The pre-sale market has dried up and is never coming back, financiers at this year’s Cannes tell me. That, combined with fewer banks lending to producers, means equity investment is more important than ever. Even those private lenders still left in the game, say they want to fully finance their own movies with equity.
The trend at this year’s market has been for sales agents to make one or two key pre-sales, encouraging financiers in. But distributors have been folding their arms, waiting for completed product. Buyers used to jump in throughout a movie’s production, locking distribution rights for themselves. No more.
“We’ve converted into a completed film market, unless it’s a bigger project being sold by a handful of sales companies,” one financier tells me. “It’s changed forever and I don’t think it’s ever coming back.”
Financiers say they are now only interested in genre films. After all, if distributors are not prepared to take a risk, then why should they?
Not that there was much to pre-buy anyway. Distributors have complained about the lack of attractive projects at this year’s market. Inferno generated heat on its Brad Pitt adventure The Lost City of Z, while Summit’s The Three Musketeers 3D sold well. IM Global sold out on its Jason Statham thriller – Statham being the nearest the indie market has to a sure thing.
As for all those hot projects being talked up before the market, there’s been silence. Nothing about Tony Scott’s Potsdamer Platz, starring Javier Bardem, Mickey Rourke and Statham again; nor about McG’s adaption of Broadway musical Spring Awakening; no sales news about Nu Image’s Kane and Lynch, starring Bruce Willis and Jamie Foxx. Of course, announcements may still be coming once everybody’s back at their desks.
There wasn’t much interest in finished projects either. Normally, there are three or four completed films that get buyers salivating. Not this Cannes. Sony Pictures Classics has been the only studio to flash its cash so far, buying domestic rights to three titles: Another Year, Of Gods and Men and In a Better World. Relativity Media bought US sci-fi movie Skyline. And IFC acquired US rights to Xavier Dolan’s Un Certain Regard entry Heartbeats. And that – for the most part – has been it.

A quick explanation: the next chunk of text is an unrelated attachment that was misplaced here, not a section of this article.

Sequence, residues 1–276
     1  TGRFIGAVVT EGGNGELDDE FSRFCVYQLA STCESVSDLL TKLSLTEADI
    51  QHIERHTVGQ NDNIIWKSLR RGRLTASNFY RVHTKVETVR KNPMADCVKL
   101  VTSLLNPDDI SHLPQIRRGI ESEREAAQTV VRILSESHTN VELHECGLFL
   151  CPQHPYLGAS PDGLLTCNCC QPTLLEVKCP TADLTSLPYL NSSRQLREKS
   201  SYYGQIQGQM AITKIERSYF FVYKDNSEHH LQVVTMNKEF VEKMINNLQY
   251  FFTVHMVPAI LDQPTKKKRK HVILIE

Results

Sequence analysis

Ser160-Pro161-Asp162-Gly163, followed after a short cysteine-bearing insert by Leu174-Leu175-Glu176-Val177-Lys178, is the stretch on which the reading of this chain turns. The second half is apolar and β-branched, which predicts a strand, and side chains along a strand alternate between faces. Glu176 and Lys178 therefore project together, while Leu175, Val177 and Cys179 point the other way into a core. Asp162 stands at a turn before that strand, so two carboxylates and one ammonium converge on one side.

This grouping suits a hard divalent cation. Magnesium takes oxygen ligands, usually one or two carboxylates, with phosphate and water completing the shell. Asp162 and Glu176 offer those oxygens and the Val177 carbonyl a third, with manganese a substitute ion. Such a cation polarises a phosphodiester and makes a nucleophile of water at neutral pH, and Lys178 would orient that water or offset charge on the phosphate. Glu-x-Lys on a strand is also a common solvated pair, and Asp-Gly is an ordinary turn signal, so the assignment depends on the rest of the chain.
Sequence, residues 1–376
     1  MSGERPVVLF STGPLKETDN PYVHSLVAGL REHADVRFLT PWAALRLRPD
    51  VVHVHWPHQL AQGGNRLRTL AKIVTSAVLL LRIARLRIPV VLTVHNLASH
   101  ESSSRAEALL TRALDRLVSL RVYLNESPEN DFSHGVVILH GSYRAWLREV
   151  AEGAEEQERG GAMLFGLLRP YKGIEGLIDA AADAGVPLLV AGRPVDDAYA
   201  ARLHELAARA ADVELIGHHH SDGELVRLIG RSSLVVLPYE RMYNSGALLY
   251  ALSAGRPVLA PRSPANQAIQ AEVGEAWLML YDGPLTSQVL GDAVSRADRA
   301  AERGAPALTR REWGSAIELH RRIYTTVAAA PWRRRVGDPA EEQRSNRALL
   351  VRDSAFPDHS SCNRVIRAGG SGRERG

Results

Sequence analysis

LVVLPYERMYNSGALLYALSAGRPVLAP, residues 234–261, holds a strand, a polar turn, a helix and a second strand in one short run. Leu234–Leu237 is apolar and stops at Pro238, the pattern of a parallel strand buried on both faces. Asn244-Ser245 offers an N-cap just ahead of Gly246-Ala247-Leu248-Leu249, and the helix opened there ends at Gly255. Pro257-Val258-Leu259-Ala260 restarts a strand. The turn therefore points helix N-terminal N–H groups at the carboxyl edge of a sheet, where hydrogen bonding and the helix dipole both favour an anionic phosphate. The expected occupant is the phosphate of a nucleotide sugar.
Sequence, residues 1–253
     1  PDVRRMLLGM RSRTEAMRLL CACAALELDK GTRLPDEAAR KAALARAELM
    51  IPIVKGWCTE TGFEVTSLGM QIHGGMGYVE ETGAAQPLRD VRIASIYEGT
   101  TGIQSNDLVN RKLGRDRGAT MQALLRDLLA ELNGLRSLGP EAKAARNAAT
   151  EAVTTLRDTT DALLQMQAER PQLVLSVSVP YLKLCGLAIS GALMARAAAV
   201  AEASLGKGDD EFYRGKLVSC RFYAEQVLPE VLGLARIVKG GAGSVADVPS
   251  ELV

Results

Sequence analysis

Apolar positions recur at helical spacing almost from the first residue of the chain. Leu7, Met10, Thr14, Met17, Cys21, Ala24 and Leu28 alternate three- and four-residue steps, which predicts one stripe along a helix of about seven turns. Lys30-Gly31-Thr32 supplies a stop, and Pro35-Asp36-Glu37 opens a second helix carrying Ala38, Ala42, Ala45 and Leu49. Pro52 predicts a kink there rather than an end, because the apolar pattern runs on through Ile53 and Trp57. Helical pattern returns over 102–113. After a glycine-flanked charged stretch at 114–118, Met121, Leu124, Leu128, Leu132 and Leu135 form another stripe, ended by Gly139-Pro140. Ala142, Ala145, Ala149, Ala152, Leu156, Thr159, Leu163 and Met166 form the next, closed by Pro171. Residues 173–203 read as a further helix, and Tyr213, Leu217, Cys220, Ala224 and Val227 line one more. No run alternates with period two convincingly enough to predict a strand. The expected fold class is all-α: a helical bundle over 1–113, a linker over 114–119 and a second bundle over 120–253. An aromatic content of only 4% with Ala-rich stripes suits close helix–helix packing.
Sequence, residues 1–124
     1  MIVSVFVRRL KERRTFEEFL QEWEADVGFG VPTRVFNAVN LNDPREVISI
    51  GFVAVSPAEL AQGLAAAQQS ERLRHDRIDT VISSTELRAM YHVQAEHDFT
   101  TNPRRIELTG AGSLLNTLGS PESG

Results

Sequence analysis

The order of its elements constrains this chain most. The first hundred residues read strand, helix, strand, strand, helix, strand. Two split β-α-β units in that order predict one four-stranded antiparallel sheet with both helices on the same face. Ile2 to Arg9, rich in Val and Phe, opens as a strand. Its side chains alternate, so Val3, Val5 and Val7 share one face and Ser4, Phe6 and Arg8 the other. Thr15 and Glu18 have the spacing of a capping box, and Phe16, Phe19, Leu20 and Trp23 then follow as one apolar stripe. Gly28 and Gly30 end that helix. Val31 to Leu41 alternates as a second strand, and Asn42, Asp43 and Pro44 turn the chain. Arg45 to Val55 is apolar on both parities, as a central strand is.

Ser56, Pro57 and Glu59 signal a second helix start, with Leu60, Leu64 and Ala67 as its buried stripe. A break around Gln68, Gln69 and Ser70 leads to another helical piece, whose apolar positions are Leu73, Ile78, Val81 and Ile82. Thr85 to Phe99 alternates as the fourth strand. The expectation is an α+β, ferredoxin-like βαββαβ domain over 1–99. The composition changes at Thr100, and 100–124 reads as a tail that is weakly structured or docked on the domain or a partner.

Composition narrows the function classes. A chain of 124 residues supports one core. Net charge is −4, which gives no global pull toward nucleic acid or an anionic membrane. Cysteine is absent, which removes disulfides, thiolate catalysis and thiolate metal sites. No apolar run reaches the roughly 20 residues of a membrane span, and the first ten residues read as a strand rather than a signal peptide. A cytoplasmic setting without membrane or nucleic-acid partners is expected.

Not that you’d know that from the daily trades here, which talked about “a roaring trade”. Sales agents spoke about the market stabilising with lots of buying going on. Well, they would wouldn’t they?
Didier Duverger, co-chairman and managing director of French bank Coficine, tells me: “The international market hasn’t been very good. The future’s doesn’t look much brighter, and that’s not going to change.”
Of course, it may be that those sales agents who blame the pre-sale market drying up aren’t very good at their job. Heather Mansfield of Mansfield Associates – who represents Hong Kong’s Standard Chartered Bank in Europe – tells me sales agents she was policing have made lots of sales “because they had movies that people want”. That said distributors have been negotiating hard to get prices down.
Other lenders I spoke to – who went around the market checking on what sales agents have been doing – were more downbeat. Duverger says: “I’m really scared the market is going to stay this way for another two or three years. It’s not a nice feeling.”
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